In a pint sized jar (you can reuse a clean, sterile bottle of jam or jelly), combine 1 lemon, roughly chopped (including the rind, pulp, juice, everything) and about 2 inches of ginger root, roughly chopped (include the outer skin as well). Put both the chopped lemon and the chopped ginger into the jar.

Add 1/2 – 1 teaspoon of Turmeric, 1/4 teaspoon of Black pepper, and 1/4 teaspoon of Cayenne pepper.

Pour honey over the ginger and lemon mixture, until the jar is about 3/4 full.

Top off the remaining 1/4 of the jar with Apple Cider Vinegar.

Shake to allow the contents to settle. Add more Apple Cider Vinegar to fill the jar completely.

Place the jar in the refrigerator. Ideally, you should wait at least a few weeks to use, but it can be used within a couple of days if needed. This remedy can sit for months. As it is used, you should top off with honey and vinegar to replenish.

 

Directions for Use

Shake the jar to make sure the contents are well combined. Place 3-4 tablespoons in a small mug. Pour hot water (at least 1/2 cup) over the mixture and stir. Upon tasting, you can adjust as needed. If you put more water in, use a little more of the remedy to balance the flavor. If the taste seems too acidic, add a little more honey. If it is too sweet for you, add a little more ACV. You can also add additional lemon and ginger to taste. Drink 1 – 2 cups daily until cold symptoms are relieved. You should feel better soon! x

 

Why This Cold Remedy Works

Lemons are high in Vitamin C and Potassium, which boosts the immune system. They also contain flavonoids, which have antioxidant properties. Lemons are also alkaline, and helps balance pH levels in our bodies. They also flush out our systems, aid in digestion, and lower the body temperature.

Ginger has numerous properties including antioxidant effects. Ginger aids in digestion, reduces inflammation, and relieves nausea, upset stomach, and pain. It also stimulates circulation, and helps promote healthy sweating, which is often helpful during colds. Ginger inhibits rhinovirus and bacteria. It has long been used in treating the common cold, as well as fighting cancer.

Honey contains flavonoids, which have antioxidant properties. Honey is a natural antibiotic. It is anti-bacterial and anti-fungal, and helps ease coughs and other throat problems, as well as upper respiratory infections. It can be used also give a boost of energy to one’s system. (Note: Do not give honey to children under 1 years old)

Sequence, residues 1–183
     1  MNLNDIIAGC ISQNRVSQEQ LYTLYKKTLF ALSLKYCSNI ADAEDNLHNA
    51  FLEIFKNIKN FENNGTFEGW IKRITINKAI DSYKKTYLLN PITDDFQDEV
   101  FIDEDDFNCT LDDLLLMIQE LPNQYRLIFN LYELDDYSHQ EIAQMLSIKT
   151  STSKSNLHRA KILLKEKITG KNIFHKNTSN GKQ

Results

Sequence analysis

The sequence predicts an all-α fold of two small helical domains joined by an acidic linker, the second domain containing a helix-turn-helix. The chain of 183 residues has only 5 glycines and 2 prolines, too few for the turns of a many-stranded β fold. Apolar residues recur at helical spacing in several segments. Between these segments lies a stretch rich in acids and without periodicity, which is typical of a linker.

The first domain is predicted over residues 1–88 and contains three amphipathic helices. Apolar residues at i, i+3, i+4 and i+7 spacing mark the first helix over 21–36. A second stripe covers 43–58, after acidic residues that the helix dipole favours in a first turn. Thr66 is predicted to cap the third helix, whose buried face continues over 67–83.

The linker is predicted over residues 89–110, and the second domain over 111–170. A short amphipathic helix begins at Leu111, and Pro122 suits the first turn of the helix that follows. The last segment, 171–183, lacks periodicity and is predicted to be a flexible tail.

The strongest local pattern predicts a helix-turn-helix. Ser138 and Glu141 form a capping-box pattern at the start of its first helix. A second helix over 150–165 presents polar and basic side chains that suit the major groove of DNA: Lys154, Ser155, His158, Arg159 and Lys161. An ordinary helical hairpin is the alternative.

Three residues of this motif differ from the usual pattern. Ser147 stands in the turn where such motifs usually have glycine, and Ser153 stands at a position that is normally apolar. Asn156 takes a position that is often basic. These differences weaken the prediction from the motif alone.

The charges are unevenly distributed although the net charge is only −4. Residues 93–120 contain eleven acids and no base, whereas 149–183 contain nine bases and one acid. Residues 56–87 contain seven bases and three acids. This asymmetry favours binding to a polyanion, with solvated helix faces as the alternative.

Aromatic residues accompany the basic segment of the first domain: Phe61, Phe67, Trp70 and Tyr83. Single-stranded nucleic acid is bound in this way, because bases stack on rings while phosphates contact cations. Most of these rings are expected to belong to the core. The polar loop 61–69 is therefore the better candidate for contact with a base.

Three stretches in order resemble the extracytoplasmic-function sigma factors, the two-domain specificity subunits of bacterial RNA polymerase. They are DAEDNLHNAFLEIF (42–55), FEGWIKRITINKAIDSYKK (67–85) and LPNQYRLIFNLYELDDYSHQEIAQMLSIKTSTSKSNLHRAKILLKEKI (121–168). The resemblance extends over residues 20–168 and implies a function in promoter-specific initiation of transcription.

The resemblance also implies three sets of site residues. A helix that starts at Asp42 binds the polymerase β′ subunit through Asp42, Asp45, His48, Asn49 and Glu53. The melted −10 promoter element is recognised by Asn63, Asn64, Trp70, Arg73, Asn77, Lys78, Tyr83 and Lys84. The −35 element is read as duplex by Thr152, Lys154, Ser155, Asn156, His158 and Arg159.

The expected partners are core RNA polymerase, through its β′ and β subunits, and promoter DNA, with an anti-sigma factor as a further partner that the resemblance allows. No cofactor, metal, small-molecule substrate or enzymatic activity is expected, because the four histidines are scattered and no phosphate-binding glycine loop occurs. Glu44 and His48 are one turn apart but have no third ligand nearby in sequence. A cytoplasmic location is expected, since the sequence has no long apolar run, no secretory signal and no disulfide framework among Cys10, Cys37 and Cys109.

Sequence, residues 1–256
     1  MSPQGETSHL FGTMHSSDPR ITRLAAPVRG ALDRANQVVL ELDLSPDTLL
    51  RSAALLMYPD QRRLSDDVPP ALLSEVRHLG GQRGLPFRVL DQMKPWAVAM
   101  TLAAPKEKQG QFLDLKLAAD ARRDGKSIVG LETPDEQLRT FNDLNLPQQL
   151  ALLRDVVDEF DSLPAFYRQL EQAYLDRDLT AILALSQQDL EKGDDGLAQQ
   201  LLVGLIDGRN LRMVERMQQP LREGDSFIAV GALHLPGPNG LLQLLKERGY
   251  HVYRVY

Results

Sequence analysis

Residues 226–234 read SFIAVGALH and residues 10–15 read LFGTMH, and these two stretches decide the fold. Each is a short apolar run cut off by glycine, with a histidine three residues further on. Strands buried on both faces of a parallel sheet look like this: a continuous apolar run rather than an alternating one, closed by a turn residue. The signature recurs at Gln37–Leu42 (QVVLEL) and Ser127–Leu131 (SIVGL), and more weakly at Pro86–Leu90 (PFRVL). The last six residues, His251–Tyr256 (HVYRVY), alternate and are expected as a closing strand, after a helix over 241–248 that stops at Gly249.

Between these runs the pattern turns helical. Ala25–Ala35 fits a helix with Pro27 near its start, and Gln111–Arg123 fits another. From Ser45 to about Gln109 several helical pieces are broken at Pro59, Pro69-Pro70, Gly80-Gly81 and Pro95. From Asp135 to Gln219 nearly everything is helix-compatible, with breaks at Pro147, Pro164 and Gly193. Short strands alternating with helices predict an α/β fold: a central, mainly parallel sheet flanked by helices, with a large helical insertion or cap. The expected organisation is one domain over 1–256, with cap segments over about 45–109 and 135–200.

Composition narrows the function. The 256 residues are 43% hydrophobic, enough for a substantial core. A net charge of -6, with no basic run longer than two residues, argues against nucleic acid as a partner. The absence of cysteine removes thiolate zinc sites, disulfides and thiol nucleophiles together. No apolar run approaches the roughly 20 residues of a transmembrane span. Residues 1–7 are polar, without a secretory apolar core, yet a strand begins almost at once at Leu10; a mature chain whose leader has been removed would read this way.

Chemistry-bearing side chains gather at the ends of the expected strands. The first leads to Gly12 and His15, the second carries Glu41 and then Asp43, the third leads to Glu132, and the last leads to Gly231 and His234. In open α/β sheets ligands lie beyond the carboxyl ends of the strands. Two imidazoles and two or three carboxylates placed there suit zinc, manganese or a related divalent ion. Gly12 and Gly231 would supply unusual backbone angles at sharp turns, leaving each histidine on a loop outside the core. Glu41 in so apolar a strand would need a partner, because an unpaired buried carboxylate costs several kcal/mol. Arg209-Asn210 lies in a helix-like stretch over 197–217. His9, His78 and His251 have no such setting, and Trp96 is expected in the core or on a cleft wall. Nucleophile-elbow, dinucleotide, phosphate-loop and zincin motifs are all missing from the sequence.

Apple Cider Vinegar is high in acetic acid. I like to use Raw, Unfiltered ACV because it contains “the mother” which contains strands of proteins and enzymes. ACV is antiseptic, inflammatory, inhibits bacteria, and is thought to contain some cancer fighting properties. It is acidic, and it helps balance the body’s pH levels. ACV also helps give the body energy.

Turmeric is a spice (dried, powdered root) that has long been used in Eastern Medicine to prevent and fight disease. It contains powerful antiflammatory properties. It’s main component, Curcumin, is a powerful antioxidant which has been used to treat and prevent cancer, cystic fibrosis, arthritis, liver damage, depression, high cholesterol, pain, and many other things. Curcumin is able to neutralize free radicals, which damage healthy cells. (Note: Black pepper helps the body absorb turmeric)

Black pepper, when used in conjunction with Turmeric, can boost Turmeric’s health properties dramatically. Black pepper also improves digestion and promotes intestinal health. Black pepper has diaphoretic (promotes sweating), and diuretic (promotes urination) properties, and has  impressive antioxidant and antibacterial effects.

Cayenne pepper is used to help digestion, upset stomach, intestinal gas, stomach pain, cure diarrhea and cramps. It is also used for conditions of the heart and blood vessels, including to improve poor circulation, to lower high cholesterol and to prevent blood clots and heart disease. It is also used to help lower fevers. Cayenne pepper also contains vitamin C, vitamin B6, vitamin E, potassium, manganese and flavonoids, which have antioxidant properties.

 

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happy new year

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Happy New Year!